```
>>> A = np.matrix(np.zeros(2, 3)))
>>> A.shape
(2, 3)
>>> A
matrix([[ 0., 0., 0.],
[ 0., 0., 0.]])
```

Does the matrix `A`

have two rows with three zeros or two columns with three zeros?

`A.shape`

will return a tuple (m, n), where m is the number of rows, and n is the number of columns.

`rows`

, `columns`

are just the names we give, by convention, to the 2 dimensions of a `matrix`

(or more generally a 2d numpy array).

`np.matrix`

is, by definition, 2d, so this convention is useful. But `np.array`

may have 0, 1, 2 or more dimensions. For that these 2 names are less useful. For example if 1d, does it have rows or columns? If 3d, what do we call the last dimension, depth? or maybe the first is pages?

So don't put too much emphasis on the names. Most `numpy`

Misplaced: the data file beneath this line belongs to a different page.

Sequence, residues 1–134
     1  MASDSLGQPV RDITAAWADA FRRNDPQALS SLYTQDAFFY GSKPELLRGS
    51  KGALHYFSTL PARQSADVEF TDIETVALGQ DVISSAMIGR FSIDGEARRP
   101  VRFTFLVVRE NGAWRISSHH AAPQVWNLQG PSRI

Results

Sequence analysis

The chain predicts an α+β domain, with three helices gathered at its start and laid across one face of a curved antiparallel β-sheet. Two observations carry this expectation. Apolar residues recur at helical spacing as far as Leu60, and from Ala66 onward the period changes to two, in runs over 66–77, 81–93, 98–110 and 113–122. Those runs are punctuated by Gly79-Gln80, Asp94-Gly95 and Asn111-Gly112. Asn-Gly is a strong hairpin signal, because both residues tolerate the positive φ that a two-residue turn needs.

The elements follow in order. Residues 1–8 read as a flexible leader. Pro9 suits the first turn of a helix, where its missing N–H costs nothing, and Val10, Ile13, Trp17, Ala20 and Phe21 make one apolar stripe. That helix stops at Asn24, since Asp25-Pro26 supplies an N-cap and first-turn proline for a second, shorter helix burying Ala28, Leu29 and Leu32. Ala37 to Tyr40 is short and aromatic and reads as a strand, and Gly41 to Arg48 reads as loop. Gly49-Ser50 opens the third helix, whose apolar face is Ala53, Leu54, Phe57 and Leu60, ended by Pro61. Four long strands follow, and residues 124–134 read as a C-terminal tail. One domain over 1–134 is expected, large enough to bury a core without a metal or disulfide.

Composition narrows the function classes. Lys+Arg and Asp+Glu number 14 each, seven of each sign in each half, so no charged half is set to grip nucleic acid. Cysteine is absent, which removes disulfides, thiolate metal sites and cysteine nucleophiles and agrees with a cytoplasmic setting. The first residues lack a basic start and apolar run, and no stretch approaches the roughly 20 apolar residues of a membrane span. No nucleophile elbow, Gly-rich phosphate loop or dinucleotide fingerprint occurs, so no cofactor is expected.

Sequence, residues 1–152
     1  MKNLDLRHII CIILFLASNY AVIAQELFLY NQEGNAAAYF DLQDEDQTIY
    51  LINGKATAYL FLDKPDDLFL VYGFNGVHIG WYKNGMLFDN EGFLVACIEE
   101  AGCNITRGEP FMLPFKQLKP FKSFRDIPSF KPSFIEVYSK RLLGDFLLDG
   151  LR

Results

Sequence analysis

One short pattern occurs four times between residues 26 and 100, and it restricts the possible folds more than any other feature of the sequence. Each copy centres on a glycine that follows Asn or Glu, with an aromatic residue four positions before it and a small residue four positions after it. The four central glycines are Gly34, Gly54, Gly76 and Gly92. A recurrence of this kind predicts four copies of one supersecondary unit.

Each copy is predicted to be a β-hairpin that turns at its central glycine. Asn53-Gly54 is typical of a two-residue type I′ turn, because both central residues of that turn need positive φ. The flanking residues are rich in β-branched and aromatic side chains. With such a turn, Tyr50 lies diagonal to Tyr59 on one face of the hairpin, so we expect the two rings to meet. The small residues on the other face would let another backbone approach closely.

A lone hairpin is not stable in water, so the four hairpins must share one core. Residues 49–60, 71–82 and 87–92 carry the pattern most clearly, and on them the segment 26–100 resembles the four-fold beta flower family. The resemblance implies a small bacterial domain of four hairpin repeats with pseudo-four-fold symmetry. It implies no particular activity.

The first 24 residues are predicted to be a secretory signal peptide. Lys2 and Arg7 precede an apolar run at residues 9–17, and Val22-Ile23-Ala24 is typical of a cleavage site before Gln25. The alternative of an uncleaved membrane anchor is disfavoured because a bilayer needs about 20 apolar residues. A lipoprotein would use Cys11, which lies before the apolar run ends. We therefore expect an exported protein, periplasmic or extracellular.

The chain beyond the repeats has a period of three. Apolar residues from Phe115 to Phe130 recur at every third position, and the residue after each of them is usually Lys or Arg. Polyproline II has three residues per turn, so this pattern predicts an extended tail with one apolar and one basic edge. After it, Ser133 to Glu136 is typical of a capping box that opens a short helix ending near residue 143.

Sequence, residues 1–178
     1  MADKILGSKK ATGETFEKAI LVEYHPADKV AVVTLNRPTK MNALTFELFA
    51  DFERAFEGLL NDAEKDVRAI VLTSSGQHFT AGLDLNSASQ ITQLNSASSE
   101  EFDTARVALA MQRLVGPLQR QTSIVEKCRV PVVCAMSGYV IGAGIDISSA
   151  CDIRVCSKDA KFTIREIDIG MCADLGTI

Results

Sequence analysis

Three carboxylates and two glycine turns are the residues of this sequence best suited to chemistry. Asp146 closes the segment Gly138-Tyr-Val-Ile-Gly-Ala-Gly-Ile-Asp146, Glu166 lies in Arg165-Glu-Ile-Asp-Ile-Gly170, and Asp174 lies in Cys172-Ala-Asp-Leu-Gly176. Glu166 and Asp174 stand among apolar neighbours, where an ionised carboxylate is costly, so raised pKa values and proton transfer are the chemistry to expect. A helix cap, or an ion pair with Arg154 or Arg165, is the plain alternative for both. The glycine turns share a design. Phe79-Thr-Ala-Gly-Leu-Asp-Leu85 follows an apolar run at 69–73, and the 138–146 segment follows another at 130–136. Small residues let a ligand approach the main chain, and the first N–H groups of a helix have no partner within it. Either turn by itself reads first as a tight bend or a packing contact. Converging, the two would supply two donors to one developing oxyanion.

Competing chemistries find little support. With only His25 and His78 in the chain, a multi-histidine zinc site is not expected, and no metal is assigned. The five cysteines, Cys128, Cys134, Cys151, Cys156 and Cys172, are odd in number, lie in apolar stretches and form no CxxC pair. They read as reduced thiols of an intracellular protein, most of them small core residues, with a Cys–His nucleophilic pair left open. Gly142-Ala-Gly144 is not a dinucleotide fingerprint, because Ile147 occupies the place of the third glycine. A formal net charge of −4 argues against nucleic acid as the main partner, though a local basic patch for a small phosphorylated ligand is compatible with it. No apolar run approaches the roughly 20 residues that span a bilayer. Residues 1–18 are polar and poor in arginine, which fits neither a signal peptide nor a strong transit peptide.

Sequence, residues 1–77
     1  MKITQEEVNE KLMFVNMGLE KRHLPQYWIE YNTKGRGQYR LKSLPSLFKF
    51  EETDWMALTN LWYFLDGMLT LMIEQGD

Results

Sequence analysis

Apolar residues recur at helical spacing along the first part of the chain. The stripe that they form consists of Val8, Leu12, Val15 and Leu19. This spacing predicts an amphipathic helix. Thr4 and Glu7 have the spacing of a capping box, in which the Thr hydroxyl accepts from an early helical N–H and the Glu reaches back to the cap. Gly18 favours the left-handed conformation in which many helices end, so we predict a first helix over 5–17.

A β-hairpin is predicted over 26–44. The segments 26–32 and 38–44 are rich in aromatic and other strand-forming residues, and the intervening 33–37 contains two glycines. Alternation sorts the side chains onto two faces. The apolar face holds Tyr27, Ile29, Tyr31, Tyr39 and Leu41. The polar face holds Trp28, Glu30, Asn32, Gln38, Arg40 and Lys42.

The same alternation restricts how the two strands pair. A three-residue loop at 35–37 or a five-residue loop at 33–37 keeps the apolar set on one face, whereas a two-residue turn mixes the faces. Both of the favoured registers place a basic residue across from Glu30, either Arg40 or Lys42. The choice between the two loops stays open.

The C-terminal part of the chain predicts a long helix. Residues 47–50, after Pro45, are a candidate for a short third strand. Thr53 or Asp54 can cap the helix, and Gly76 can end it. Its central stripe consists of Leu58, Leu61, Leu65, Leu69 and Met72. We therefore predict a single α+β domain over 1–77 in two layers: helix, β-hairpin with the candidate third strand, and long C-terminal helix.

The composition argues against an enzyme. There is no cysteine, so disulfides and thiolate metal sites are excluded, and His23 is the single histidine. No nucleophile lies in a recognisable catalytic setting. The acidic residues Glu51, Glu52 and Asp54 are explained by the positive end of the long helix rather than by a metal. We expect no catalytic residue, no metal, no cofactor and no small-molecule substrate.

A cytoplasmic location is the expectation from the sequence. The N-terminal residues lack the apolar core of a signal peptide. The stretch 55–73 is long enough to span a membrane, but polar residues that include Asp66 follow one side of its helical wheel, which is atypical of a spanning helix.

functions ask you to specify the 'axis', by number, 0, 1, 2 etc., not by name.

There may be further confusion if you load data from a csv file, and get a 1d array (one 'row' per line of the file) of dtype fields. Are fields the same as columns? Sort of, but not quite.

@Anand S Kumar, has the right answer: numpy website

```
y.shape = (3, 8)
array([[ 0., 0., 0., 0., 0., 0., 0., 0.],
[ 0., 0., 0., 0., 0., 0., 0., 0.],
[ 0., 0., 0., 0., 0., 0., 0., 0.]])
```

In this Matrix, or np.shape, there are Three Rows and Eight Columns.

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